For members


French word of the Day: Beurk

If you need a response to the offer of a kale smoothie instead of a croissant, this could be the perfect answer.

French word of the Day: Beurk

Why do I need to know beurk?

Childish to be sure, and maybe more of a sound than strictly speaking a word, you will nevertheless hear this frequently in France.

What does it mean?

It means yuk or eurgh or eww – basically the response to give if you find something disgusting or gross or foul.

So if you're discussing your least favourite vegetable you could say Beurk, la puanteur des choux de bruxelles – Yuk, the stink of Brussels sprouts.

Or if, like the below Twitter user, you're not fond of ginger.


It doesn't need to apply only to food though, you can use it to describe people (if you're feeling particularly hurtful and insensitive that is). 

Et donc il m'a invité à prendre un verre mais j'étais genre, beurk – And so he asked me out for a drink, but I was like, eurgh.

As should hopefully be clear from the context, this is not exactly a polite phrase so we wouldn't advise using it to your host at dinner, for example.

If a simple non merci is not enough to decline an offer, you could say that c'est pas mon truc – it's not my thing – to explain that although you're sure their wheatgrass and kale smoothie is delicious you might stick with a cup of tea this time.

If you'd like to learn more French sounds such as miam, paf and ron-ron, click here.

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For members


French Expression of the Day: Chanter faux

This is definitely not lip synching.

French Expression of the Day: Chanter faux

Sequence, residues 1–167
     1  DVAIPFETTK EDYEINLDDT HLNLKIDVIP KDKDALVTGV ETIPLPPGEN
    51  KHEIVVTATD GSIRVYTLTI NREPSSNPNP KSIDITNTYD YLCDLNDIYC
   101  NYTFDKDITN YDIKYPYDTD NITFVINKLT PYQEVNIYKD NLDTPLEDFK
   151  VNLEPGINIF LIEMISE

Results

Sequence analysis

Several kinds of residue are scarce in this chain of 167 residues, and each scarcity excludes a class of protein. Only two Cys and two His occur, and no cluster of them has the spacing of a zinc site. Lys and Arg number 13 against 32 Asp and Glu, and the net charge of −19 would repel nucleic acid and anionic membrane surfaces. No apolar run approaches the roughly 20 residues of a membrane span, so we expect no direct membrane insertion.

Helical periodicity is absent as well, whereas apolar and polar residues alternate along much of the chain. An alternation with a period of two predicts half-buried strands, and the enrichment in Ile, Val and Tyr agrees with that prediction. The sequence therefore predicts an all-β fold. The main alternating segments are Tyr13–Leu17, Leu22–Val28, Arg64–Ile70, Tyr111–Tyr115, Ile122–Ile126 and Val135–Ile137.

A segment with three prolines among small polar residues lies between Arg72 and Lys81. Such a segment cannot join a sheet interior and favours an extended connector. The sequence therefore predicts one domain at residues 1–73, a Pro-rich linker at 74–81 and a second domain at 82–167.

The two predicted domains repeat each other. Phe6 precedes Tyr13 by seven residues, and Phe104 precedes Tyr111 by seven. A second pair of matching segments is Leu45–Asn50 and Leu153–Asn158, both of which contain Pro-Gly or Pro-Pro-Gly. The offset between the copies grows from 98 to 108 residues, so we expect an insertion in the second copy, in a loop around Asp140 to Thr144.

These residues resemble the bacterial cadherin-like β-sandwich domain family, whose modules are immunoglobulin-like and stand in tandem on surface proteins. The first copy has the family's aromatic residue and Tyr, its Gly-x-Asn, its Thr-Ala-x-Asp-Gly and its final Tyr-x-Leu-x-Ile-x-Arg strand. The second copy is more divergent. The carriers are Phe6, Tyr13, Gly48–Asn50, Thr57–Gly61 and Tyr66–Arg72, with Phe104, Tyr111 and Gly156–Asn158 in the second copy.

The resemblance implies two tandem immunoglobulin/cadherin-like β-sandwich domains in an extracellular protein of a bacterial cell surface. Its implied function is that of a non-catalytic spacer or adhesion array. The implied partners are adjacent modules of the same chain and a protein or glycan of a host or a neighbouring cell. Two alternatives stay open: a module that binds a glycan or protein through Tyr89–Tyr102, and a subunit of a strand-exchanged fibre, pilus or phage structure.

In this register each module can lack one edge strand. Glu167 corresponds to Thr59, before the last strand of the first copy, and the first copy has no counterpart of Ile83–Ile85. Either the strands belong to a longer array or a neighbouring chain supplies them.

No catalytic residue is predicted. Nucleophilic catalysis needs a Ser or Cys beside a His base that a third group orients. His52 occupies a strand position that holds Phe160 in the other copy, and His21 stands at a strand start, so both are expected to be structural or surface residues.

Why do I need to know Chanter faux ?

Because if you were not blessed with a beautiful singing voice, then this might be a good phrase to know. 

What does it mean?

Chanter faux – pronounced shahn-tay foe – literally means to ‘fake sing.’ You might assume this expression would mean ‘lip sync’ in French, but its true meaning is to sing out of tune. (Lip synching is chanter en playback).

It joins a chorus of other French expressions about bad singing, like chanter comme une casserole (to sing like a saucepan) or chanter comme une seringue (to sing like a siren).  

Chanter faux is actually the most correct way to describe someone being off key, so it might be a better option than comparing another’s voice to a cooking utensil. 

You might have seen this expression pop up recently amid the drought, as people call for rain dances and rain singing (where there is no shame in singing badly).

Use it like this

Pendant l’audition pour la pièce, Sarah a chanté faux. Malheureusement, elle n’a pas obtenu le rôle. – During her audition for the play, Sarah sang out of tune. Sadly, she did not get a role.

Si on fait un karaoké, tu verras comme je chante mal. Je chante vraiment faux, mais je m’en fiche. Il s’agit de s’amuser. – If we do karaoke you will see how badly I sing. I am really out of tune, but I don’t care. It’s all about having fun.